Community Police Commission Finding Its Role in Reform Process
By Elizabeth Miller
Cleveland’s Community Police Commission is preparing feedback and recommendations on the city’s division of police. The 13 member volunteer commission was created by the consent decree between the city and the Department of Justice to represent the community. The group has extended deadlines, 1 member resigned in January, and some residents are calling for the removal of one controversial commissioner from his position.
At a recent meeting with community members, small groups discussed bias-free policing and compared Cleveland’s policy with other cities. The group hosts several meetings each month to ask residents what they want to see in a police department and to share progress on the Consent Decree.
This was Clevelander Laura Bishop’s first look at the commissioners’ work - and she liked what she saw. "I have a lot more confidence that positive things are happening than I had before I came," said Bishop.
The Community Police Commission, or CPC, will send its findings to the Consent Decree Monitor, the Cleveland Police Department, the city, and the US Department of Justice.
3 documents are due in March – an assessment of the police department’s bias-free policies, a summary of community input on the police mission statement, and feedback on police use of force.
Co-chair Mario Clopton says the group is working to meet new, extended deadlines. "The dialogue is intense sometimes, and sometimes it’s not," said Clopton.
"But these are the conversations we need to have to have this police reform happen."
The workload caused one member, Reverend Max Rodas, to resign. "I think it’s too much work. I think it’s too much time," said Rodas.
"I think the scope of the work is too large for a volunteer group of people."
Rodas devoted 8 to 10 hours weekly to the commission on top of his full time position as Executive Director of Nueva Luz Urban Resource Center.
"My motivation was always to make a contribution for the benefit of Cleveland," Rodas said.
"To the point, it was that motivation that basically told me, 'Max, you need to get out of the way.'"
Another commission co-chair and Dean of Cleveland State’s Marshall College of Law, Craig Boise also submitted a letter of resignation. Boise withdrew the letter days later.
Commissioner Reverend Yvonne Conner says the group’s workload is manageable with the help of the 15-member Consent Decree Monitoring Team.
"When we think there might be a conflict in terms of the time requirement, if we speak up, there will be others to help," said Conner.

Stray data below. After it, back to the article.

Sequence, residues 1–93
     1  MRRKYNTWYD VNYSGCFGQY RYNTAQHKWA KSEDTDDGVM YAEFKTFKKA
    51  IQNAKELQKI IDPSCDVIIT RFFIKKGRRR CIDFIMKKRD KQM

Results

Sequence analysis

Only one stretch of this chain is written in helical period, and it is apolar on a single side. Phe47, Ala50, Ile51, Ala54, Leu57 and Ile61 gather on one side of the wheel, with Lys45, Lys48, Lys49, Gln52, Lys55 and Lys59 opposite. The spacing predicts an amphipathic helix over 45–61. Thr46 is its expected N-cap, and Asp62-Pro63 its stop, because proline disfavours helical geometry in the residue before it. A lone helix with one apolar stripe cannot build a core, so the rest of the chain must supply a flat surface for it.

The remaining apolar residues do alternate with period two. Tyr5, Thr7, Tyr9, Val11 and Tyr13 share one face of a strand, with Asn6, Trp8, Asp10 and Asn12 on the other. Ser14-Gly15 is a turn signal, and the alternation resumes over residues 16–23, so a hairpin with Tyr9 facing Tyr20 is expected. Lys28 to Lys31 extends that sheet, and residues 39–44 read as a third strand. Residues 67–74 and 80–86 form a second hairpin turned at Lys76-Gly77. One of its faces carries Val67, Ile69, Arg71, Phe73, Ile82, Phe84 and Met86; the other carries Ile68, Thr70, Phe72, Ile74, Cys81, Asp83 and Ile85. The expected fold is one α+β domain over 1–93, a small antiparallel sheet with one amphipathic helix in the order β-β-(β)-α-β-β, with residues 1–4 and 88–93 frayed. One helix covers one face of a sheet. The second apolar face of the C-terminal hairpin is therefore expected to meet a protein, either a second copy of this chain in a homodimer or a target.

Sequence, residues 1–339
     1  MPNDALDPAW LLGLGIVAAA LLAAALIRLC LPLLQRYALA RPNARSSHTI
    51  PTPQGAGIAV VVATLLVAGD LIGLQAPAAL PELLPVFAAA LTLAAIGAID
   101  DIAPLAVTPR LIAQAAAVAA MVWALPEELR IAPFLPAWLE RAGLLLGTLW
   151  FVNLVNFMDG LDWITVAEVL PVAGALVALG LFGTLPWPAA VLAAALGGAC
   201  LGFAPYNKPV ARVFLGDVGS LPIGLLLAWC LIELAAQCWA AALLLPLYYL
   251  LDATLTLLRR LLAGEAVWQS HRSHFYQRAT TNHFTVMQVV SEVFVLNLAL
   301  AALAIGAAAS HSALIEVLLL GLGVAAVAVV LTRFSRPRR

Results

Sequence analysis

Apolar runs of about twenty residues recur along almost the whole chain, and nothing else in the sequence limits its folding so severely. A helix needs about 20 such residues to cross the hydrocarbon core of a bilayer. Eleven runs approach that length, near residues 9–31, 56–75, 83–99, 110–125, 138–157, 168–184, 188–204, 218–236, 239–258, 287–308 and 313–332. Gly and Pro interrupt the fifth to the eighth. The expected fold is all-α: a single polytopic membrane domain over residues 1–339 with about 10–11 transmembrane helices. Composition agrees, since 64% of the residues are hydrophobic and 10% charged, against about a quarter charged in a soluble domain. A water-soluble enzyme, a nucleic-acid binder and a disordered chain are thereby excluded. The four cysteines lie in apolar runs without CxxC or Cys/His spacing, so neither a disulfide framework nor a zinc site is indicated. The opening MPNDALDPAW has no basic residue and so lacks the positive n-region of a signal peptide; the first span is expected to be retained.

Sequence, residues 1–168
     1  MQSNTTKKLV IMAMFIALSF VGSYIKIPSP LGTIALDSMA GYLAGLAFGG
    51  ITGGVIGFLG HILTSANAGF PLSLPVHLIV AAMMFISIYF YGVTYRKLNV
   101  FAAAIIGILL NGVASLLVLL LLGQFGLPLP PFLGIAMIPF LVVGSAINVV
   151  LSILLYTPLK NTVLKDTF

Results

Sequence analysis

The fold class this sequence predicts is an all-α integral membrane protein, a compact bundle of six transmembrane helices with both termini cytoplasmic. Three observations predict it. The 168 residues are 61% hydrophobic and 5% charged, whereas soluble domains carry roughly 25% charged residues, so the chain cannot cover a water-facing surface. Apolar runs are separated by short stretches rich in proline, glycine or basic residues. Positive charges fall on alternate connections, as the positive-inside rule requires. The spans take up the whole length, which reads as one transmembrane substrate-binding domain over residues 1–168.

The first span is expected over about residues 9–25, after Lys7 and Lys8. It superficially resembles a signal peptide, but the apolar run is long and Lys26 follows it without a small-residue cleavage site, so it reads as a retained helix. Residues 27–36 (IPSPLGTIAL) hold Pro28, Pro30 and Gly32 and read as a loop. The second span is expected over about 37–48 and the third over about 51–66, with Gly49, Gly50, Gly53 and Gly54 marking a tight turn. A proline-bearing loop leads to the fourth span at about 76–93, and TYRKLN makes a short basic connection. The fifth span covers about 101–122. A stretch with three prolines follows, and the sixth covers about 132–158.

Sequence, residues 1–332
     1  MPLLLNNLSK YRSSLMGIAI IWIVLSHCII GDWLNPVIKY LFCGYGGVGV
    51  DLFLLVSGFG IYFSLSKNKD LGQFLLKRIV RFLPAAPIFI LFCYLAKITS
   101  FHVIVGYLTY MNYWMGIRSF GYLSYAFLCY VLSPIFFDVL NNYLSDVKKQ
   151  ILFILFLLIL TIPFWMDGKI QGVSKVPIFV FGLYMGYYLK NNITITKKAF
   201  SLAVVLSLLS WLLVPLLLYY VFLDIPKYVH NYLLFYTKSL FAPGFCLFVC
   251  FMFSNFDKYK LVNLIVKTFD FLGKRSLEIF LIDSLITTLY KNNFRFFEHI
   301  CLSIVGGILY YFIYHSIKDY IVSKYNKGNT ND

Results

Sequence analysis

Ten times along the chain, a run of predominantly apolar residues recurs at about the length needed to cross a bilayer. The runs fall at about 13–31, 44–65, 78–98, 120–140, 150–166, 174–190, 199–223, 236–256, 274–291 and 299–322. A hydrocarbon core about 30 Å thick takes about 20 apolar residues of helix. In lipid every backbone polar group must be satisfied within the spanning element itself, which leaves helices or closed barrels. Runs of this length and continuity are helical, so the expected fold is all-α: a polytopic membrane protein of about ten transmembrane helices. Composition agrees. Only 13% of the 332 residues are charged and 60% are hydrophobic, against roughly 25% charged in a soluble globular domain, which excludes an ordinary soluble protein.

The Monitoring Team has also pledged to meet with community organizations, establishing a network of "study groups" thorughout Cleveland. Consent Decree Monitor Matthew Barge says the groups will enable community members to comment on drafts of new police policies, procedures, and training.
Not everyone is happy with the community police commission, or at least one of its members. At a meeting this month, protesters from local group Black Man’s Army showed up. "We think Steve Loomis being here is completely out of touch," said Black Man's Army member Art McKoy.
"We don’t think he’s representing rights."
McKoy is referring to Cleveland Police Patrolmen’s Association president Steve Loomis. Last month, several police officers were let go because of their involvement in the 2012 case that came to be known as "137 shots". Loomis vowed to get them reinstated, stirring up controversy. Since his announcement, local groups and individuals have expressed concern about Loomis staying on the commission. The Consent Decree mandates that the CPC must include a member of the Patrolmen’s Association in addition to two other police association representatives. But commissioner Mario Clopton says the CPC isn’t in charge of who serves on the commission.
"What I do have to do with is making sure that Detective Loomis is engaged in the work so that his Police Patrolmen’s Association has a voice in this process," said Clopton.
The 12 commissioners come from fields ranging from social justice and community activism to academia and law enforcement. The group is all volunteer, and without any hired staff, all 3 co-chairs do a lot of the administrative work.
Matthew Barge, Cleveland’s Consent Decree Monitor, says that although the volunteer group is still developing a successful way of working together, they must do so quickly. Barge says that the group is still figuring out how to effectively use their time.
For Clopton, that means his days teaching choir at Shaker Heights City Schools are busier than usual.
"I teach second, third, fourth period. During lunch I’m reading police code, researching best practices in Newark, or Seattle, or responding to the monitor," said Clopton.
"And oh, by the way, I have to teach tenth period again."
The commission’s selection panel will find a replacement for Max Rodas. The next deadline for the CPC is March 2.